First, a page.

A broad index fund is one way to get international exposure in your portfolio, but index funds aren’t perfect. One alternative is to pick single country funds but how do you choose which countries to own?
The problem with picking any fund is our reliance on recent performance. This is a common mistake investors make – chasing returns. Without a plan, the best performing funds are the first ones picked every time.
The investing world we live in tempts us with one, three, and five-year returns on every stock and bond fund around. We love to own what’s going up, we hate to miss out, so we chase returns of the best performing funds of the recent past. Sometimes it works, but not always.
The results below show what happens when you pick the best performing country funds instead of owning a broader international index fund.
Buy and Hold vs Picking the Best Countries
To show the impact of chasing returns, I’ll use the MSCI EAFE to represent a buy and hold strategy with an international index fund. The Top 5 Countries is an attempt to cash in on the best performing countries from the recent past. Every January 1st you reload your portfolio with the five best performing countries over the past five years.
|Buy and Hold vs Picking Top 5 Performing Countries for 1 Year|
|MSCI EAFE||Top 5 Countries*|
* Developed Countries ex U.S. and Canada over 39 year period from 1975 – 2013
Over the long run, this strategy misses expectations. When you toss your plan to chase the best returns, your results fall short of the average index. Average isn’t great, but its better than no plan.
But looked at on a year by year basis some investors might confuse the results. The best performing countries do beat the index sometimes. Those teaser years cause you to ignore your process, your plan, your time horizon, and chase those returns because if it happened one year it can happen again, right? Sometimes it works.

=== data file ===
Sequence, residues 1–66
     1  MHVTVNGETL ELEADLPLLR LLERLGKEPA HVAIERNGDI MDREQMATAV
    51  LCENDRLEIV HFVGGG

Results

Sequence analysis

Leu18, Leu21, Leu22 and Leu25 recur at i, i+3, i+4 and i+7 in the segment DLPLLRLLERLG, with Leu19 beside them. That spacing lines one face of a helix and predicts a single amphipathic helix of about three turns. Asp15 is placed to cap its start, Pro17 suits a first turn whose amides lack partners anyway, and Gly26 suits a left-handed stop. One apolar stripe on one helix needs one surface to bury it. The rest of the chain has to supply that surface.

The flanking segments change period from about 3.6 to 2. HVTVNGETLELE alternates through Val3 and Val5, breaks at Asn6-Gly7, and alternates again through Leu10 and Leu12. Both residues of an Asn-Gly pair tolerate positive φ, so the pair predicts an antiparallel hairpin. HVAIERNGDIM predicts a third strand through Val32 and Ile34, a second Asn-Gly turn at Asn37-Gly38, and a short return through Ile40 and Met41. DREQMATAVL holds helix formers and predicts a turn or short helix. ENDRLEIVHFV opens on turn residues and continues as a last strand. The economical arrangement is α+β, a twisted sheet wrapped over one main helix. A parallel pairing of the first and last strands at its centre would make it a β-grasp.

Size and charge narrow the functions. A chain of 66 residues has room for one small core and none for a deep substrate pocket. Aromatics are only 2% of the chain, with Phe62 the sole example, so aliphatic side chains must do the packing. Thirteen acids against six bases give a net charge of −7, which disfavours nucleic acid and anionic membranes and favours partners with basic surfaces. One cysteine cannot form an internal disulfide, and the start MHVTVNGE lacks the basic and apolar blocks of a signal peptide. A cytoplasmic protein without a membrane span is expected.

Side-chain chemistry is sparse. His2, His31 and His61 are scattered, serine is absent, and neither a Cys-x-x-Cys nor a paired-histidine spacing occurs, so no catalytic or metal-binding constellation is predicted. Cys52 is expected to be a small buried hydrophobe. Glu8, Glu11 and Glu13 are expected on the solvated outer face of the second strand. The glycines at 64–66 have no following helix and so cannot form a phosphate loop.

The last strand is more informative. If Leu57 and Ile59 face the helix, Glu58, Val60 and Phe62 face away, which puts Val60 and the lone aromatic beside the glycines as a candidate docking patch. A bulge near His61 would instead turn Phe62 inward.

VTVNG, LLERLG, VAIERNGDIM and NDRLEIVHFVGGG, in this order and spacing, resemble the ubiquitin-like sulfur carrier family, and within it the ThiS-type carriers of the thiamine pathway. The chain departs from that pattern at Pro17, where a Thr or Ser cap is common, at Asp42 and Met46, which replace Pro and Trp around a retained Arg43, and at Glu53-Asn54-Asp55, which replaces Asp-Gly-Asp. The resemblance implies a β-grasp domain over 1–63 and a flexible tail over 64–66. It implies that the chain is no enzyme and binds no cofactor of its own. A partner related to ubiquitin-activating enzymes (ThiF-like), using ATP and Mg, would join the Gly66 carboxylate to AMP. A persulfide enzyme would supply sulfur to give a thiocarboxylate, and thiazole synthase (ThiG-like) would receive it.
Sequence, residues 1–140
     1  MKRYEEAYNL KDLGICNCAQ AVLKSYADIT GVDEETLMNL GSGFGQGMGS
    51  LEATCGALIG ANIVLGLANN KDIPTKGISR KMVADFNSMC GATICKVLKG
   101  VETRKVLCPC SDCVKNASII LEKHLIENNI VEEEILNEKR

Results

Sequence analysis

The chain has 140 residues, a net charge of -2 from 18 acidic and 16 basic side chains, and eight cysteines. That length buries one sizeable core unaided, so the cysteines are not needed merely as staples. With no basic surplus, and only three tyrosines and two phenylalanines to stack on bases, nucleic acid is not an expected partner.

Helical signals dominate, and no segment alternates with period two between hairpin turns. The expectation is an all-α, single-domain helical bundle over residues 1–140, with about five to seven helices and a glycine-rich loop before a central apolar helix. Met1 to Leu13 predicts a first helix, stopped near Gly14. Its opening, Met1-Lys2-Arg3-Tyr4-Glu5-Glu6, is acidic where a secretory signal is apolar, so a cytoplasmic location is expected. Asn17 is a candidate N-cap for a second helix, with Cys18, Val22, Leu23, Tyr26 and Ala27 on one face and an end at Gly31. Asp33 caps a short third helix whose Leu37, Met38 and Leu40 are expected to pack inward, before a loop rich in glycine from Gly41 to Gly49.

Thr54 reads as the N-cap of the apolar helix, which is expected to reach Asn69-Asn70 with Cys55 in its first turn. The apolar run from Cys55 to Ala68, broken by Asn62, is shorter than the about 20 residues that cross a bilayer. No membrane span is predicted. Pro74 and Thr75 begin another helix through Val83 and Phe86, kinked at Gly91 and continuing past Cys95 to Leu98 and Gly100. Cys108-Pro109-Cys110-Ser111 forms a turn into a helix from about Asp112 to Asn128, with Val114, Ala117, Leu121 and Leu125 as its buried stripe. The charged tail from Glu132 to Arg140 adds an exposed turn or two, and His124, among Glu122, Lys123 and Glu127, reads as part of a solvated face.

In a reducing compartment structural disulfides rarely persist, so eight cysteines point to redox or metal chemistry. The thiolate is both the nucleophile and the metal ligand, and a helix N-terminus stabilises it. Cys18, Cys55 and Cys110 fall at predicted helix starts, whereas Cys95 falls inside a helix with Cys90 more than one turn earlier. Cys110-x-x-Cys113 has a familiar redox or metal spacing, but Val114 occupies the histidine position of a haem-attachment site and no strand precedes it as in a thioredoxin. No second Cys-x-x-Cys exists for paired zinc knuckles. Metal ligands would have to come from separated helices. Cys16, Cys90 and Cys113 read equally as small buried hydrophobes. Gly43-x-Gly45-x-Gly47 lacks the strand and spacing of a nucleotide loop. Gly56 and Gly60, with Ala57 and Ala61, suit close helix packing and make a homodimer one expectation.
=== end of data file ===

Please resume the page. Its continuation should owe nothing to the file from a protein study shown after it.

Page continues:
Actually, about half the time it works – 20 of the 39 years. A coin flip. Often enough that an investor might continue chasing the same five countries. If it worked once, why shouldn’t it work again?
The Chase Continues
When it works half the time, its easy to see why an investor would stick with it for a few more years. The table below shows what happens when you press your luck.
|Average Annualized Returns When Held for the Following Years|
|2 Years||3 Years||4 Years||5 Years|
|Top 5 Countries||10.51%||9.04%||9.09%||9.42%|
After two years, you can see this strategy is a losers game. By chasing returns, you’re naturally buying markets near the end of a big positive run. The timing isn’t perfect but it reflects the mistake many investors make of buying high. After a stretch of above average returns, markets (and assets in general) revert back toward the average. For that to happen, markets need below average returns.
Eventually, that Top 5 Country portfolio bottoms before it slowly reverts back toward its average again. Though, I doubt an impatient investor who chases returns will stick around to see that happen. They’ll be too busy chasing a new set of best performers to compound their mistake.
Not having a plan or a process in place is one of the biggest mistakes an investor can make. It’s like driving in a strange land without directions. Whats more likely to happen – luck somehow gets you to your destination or you end up lost without a map?
Stock markets don’t go in one direction. This is exactly what makes investing great and frustrating at the same time. Investing isn’t a field where the smartest people are the best investors. Knowledge helps, but discipline has a bigger impact on your results in the long run.